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Why shooting Wigmore Hall was the kindest thing to do

23 September 2014

12:01 PM

23 September 2014

12:01 PM

On Saturday, the Daily Mirror published a front-page photograph of the racehorse Wigmore Hall with a gun to his head, about to be put down, having broken its leg. Unsurprisingly, the paper’s decision was met with dismay and anger from the racing community. But perhaps more surprising is that the RSPCA appears to be on racing’s side.

In February last year, Melissa Kite wrote in this magazine that she feared that the RSPCA might have set their sights on horse racing. But it seems promising – and strangely sensible – of the RSPCA to have spoken out against both the Mirror and the pressure group Animal Aid, which supplied the photographs. David Muir, the RSPCA’s equine consultant, said in a statement: ‘I can’t see that the vet has done anything wrong, or the racecourse either.’


Of course, neither had. Few people are under the illusion that horses are never put down; the screens that are erected around the horse (or jockey) are to allow medics to concentrate on treating their patient, and to keep the horse calm. No one is pretending that deaths never happen on a racecourse. But fortunately they are rare. Putting down a horse with a broken leg is the kindest thing to do ­– and shooting probably the most humane way of doing it. What would be far crueller, and horribly unfair on the horse, would be to keep him stabled and in plaster for months to allow his leg to heal. At that speed a horse’s leg probably won’t break cleanly, anyway. It will shatter.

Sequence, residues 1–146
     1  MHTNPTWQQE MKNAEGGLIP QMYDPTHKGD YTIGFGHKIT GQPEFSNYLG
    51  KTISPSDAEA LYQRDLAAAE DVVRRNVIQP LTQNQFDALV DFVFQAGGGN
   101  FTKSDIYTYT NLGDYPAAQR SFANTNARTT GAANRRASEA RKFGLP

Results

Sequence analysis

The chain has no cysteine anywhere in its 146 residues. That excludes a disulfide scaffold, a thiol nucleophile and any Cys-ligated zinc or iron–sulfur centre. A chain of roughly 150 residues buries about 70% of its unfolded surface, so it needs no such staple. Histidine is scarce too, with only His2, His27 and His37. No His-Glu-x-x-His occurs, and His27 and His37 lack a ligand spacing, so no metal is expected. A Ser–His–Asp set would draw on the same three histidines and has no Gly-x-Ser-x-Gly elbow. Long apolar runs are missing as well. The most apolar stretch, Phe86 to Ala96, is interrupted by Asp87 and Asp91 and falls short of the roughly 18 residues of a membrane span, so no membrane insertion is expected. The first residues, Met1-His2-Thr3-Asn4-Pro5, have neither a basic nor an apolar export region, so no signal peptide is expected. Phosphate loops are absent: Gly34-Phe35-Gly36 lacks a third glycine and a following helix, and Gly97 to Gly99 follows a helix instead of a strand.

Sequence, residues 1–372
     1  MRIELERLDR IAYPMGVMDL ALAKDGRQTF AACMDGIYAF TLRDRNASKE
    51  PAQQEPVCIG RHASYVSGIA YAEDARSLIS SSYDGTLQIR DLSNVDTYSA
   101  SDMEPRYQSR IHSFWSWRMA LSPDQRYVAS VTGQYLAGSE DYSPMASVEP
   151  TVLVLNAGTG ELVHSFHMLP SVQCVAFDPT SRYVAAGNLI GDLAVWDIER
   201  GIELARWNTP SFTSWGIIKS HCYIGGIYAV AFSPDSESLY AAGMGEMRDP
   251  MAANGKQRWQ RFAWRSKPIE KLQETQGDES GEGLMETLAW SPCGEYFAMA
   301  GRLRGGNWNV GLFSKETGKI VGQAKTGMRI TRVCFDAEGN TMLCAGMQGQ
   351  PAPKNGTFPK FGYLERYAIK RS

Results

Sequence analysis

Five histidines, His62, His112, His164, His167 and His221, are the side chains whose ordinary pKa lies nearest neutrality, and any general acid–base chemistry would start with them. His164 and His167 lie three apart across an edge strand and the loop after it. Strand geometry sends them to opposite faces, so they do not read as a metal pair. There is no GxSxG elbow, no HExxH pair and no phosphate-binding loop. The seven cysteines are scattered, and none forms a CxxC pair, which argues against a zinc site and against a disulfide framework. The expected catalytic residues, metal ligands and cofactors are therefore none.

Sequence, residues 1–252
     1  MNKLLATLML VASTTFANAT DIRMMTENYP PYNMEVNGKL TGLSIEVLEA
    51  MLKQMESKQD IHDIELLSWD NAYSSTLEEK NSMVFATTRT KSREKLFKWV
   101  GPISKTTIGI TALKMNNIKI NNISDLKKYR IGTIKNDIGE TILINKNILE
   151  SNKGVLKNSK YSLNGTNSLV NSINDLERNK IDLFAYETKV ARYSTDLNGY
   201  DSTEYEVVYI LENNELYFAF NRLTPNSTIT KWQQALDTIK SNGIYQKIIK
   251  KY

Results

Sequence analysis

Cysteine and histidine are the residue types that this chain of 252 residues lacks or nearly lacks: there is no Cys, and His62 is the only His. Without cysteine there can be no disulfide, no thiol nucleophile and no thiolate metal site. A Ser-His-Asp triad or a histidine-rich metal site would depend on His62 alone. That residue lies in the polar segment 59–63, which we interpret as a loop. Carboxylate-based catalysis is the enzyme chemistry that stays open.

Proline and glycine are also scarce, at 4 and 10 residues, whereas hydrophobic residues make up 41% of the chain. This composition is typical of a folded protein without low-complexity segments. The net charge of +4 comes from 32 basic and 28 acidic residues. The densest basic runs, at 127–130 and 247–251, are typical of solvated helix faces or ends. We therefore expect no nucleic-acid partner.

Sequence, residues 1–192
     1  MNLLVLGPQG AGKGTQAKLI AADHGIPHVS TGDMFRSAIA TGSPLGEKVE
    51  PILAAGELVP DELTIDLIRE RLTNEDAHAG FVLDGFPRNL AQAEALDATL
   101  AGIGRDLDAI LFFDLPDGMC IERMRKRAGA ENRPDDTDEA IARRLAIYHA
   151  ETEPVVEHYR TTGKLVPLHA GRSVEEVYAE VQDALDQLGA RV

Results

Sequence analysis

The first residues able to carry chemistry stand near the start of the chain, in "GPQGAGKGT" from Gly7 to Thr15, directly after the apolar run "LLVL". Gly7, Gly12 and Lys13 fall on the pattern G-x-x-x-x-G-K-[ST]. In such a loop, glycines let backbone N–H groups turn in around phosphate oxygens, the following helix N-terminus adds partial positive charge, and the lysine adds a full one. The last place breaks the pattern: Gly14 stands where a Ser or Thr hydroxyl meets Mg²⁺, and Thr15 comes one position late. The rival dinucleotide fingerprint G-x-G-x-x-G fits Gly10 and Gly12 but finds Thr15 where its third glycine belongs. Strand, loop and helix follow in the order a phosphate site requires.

The Mirror’s editor has subsequently commented that that ‘two of the three opinion pieces we carried were in defence of horse racing’. That’s all very well. But how many people who saw the front page of the Mirror actually read the opinion pieces on the inside pages? It’s the pictures that make the impact, and that’s exactly what Animal Aid intended. It’s hard for me to believe that these people love – or indeed have any respect for – animals. Taking and publishing those photographs shows no respect. Getting around the screens, where the photographer was liable to both distract the vet and panic the horse, doesn’t show respect either.

As many people in the racing community have written since, racehorses have a fantastic quality of life, in return for which, yes, they are expected to race. And of course there are risks, as there are with every equestrian sport. But the track record of racing is fantastic and constantly improving. If Animal Aid (and the Mirror, for that matter) want to tackle animal cruelty then there are cases galore for them. Every horse charity in the UK is struggling with the numbers of abandoned and neglected horses, which are at record levels. There are hundreds if not thousands of horses living in relative suffering in Britain.

The truth is that Animal Aid is far more interested in shock tactics and banning horse racing than it is in animal welfare. The pictures of Wigmore Hall were not in the public interest and will do nothing to advance the cause of banning racing; they were merely a vanity project for the organisation.


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